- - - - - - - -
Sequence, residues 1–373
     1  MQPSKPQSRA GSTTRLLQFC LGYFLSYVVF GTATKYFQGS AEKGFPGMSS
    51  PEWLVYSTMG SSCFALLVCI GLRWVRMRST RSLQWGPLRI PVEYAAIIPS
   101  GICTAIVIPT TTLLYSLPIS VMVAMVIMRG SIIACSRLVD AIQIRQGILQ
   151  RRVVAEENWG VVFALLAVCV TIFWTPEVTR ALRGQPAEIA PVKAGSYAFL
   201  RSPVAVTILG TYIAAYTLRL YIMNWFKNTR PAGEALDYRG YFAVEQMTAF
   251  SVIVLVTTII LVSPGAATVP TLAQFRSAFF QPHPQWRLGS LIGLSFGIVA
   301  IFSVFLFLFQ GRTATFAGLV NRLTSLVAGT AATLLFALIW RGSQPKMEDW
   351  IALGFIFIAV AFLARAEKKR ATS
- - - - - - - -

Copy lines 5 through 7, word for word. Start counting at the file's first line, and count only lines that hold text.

   151  RRVVAEENWG VVFALLAVCV TIFWTPEVTR ALRGQPAEIA PVKAGSYAFL
   201  RSPVAVTILG TYIAAYTLRL YIMNWFKNTR PAGEALDYRG YFAVEQMTAF
   251  SVIVLVTTII LVSPGAATVP TLAQFRSAFF QPHPQWRLGS LIGLSFGIVA